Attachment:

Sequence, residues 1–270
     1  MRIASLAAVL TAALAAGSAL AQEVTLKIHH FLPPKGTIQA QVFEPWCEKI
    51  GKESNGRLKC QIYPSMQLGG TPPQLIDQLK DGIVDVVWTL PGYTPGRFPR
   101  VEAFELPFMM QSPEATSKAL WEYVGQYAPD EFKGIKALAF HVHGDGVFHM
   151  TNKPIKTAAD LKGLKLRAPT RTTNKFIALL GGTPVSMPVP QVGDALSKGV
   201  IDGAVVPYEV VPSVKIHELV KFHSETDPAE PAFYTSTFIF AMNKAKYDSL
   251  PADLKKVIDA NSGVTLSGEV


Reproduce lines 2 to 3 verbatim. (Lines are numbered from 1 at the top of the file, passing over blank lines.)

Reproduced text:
     1  MRIASLAAVL TAALAAGSAL AQEVTLKIHH FLPPKGTIQA QVFEPWCEKI
    51  GKESNGRLKC QIYPSMQLGG TPPQLIDQLK DGIVDVVWTL PGYTPGRFPR